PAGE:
Let Your Volunteers Win

Recently my six-year-old, Hunter, was working on his Christmas list. He came to two items that cost $11.99 each, and it took him about thirty seconds to add them together in his head (without using his fingers). I've met many adults who couldn't do that kind of math as quickly wit a calculator!

When Hunter began learning math, he didn't start with calculus. You don't throw a trigonometry question at a six-year-old. Complex fractions or long division problems are not typically where you start. Why? You want to give the child an early win. You want him to have some successes under his belt before you throw something more challenging at him. If a child is constantly bombarded with problems that are too difficult, he will eventually become discouraged and stop trying

The same holds true throughout life, especially with volunteers. A man can feel very secure and confident in his profession or in his role as a husband and father, but he could come to church as a volunteer and feel very much like a fish out of water. You need to look for ways to give "early wins" to your volunteers-and to celebrate those wins.

Let's say you're in charge of the nursery at your church. Five other volunteers have been helping you for years, but you really need more. So the pastor does a big "make a difference with your life" type of service, and Bob and Susan sign up to be on your team.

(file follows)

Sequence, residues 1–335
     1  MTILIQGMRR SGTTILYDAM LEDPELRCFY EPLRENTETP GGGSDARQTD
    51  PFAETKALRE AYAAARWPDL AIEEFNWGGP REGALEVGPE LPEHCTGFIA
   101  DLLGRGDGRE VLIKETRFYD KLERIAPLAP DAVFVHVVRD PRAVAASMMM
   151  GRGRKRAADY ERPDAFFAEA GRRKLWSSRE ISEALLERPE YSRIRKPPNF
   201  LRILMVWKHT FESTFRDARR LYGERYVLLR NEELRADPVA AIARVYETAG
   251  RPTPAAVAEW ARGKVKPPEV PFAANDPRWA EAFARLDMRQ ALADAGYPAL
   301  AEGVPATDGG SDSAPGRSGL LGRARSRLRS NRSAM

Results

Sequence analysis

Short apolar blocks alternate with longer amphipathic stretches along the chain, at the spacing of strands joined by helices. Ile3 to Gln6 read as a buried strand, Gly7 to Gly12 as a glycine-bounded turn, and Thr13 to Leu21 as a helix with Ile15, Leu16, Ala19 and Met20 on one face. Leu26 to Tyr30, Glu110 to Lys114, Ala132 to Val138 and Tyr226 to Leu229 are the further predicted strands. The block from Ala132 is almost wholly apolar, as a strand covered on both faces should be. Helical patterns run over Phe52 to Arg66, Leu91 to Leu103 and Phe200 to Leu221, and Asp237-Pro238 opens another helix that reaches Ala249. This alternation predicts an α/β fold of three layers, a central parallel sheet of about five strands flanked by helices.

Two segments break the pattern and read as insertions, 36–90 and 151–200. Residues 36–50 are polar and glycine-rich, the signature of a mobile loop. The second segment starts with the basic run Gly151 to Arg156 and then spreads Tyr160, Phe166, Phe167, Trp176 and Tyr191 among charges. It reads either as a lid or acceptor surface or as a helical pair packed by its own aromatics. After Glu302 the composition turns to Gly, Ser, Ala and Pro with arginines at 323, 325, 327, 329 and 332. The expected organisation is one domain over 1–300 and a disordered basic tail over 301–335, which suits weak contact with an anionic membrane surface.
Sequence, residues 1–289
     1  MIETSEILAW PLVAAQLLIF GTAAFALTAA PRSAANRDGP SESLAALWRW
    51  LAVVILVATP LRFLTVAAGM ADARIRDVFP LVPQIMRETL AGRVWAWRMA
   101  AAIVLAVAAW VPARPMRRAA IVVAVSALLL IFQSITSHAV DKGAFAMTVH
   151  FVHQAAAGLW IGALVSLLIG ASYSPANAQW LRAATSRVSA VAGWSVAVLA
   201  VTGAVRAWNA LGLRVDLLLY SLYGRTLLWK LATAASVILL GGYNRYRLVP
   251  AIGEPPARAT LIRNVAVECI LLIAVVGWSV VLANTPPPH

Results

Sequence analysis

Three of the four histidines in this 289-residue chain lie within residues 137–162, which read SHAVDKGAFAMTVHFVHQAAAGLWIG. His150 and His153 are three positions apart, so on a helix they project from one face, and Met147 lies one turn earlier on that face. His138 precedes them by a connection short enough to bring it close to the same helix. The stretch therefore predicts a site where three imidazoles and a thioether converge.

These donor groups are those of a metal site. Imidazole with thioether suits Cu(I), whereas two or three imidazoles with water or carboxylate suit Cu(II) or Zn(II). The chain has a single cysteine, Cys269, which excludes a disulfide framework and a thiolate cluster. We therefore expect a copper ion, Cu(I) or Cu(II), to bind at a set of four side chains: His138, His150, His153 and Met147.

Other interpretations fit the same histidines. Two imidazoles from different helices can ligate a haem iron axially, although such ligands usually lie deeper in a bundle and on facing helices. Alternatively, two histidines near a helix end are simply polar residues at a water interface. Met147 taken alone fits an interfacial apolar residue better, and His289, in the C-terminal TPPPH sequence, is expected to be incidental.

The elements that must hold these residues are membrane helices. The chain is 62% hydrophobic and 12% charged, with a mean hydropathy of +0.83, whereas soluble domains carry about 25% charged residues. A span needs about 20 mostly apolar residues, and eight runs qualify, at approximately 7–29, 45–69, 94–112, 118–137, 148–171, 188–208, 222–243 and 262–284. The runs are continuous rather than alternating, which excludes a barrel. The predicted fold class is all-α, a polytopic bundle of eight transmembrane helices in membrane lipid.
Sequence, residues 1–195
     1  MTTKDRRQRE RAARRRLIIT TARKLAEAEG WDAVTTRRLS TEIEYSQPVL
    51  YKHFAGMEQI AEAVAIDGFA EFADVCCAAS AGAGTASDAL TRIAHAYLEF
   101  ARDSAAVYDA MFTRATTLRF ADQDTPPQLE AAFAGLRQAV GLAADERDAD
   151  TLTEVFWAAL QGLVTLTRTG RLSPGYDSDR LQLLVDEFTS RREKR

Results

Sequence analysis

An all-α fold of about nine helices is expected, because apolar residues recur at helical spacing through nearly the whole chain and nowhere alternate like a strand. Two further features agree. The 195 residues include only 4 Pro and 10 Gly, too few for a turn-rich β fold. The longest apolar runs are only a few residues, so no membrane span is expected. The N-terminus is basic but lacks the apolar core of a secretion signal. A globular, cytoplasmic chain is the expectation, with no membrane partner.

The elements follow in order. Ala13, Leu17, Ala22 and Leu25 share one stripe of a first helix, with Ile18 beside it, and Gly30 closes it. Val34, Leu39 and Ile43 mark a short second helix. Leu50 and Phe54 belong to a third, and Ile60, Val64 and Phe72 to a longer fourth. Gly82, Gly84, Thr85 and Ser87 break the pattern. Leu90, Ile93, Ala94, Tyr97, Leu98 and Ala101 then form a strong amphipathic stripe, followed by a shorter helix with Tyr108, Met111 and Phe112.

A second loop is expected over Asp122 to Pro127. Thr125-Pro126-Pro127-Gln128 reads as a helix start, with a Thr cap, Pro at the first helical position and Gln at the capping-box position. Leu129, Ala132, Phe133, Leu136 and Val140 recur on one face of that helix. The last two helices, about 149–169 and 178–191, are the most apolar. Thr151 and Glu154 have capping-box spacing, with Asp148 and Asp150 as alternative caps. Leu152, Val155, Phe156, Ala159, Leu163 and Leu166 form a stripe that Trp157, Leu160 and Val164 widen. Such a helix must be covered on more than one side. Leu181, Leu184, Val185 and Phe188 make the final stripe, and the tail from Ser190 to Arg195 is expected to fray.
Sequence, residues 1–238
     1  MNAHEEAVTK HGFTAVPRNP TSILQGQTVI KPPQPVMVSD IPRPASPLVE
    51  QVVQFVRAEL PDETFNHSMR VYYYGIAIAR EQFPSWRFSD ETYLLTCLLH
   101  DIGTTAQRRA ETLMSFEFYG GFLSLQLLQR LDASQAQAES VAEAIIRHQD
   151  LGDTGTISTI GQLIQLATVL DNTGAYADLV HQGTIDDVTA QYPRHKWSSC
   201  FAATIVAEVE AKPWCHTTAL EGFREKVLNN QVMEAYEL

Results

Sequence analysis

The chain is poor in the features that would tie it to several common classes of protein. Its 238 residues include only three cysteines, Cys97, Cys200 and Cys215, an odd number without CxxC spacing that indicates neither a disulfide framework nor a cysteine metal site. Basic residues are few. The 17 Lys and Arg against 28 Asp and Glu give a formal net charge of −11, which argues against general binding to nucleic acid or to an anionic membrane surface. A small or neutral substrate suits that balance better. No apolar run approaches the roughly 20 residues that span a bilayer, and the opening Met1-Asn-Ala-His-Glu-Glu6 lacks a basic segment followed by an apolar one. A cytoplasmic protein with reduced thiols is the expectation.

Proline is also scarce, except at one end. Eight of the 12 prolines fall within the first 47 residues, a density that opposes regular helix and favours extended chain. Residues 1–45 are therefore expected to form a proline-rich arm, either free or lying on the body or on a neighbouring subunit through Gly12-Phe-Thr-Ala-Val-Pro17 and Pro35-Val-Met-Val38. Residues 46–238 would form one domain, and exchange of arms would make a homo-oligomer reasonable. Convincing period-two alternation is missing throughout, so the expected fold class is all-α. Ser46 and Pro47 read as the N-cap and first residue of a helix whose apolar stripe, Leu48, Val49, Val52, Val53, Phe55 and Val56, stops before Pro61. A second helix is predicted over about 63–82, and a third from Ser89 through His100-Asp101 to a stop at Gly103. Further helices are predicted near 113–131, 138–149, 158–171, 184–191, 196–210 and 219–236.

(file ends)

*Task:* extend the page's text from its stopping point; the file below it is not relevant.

Your team is happy for the help. However, they don't know Bob and Susan well enough yet to trust them. Conversely, Bob and Susan don't know your team. They aren't convinced they'll even like your team, and they are nervous about their new roles.

They don't know what they're supposed to do, and everything feels awkward. They know your team has been together for years, so they feel a bit like they're at someone else's family reunion.

It's your job to give them a win as fast as you possibly can! You want to reduce the tension and the awkwardness and give them confidence right away. Here are two ideas:

Listen carefully to their words. If Susan has an idea, even if it's not a new idea, let the whole group know what a great idea Susan had. It will quickly give her (and the team) a sense that she is adding value. And it will give Susan the confidence to be an active participant on the team.

Make sure you place people in roles they like. One of the worst things you can do to volunteers is to place them in positions that meet your needs rather than those that fit their passions and gifts. After a few weeks, ask Bob and Susan how they feel, what they enjoy, and what they suggest.

Whatever your strategy may be, keep in mind the need to create an early win for every new volunteer. Whether it's a six-year-old facing a math problem or a forty-six-year-old stepping into a role in the church nursery, we all need to be affirmed so we can each take our next step with confidence. 

This post is an excerpt from Chapter 76 of my book "Simply Strategic Volunteers."

Tim StevensComment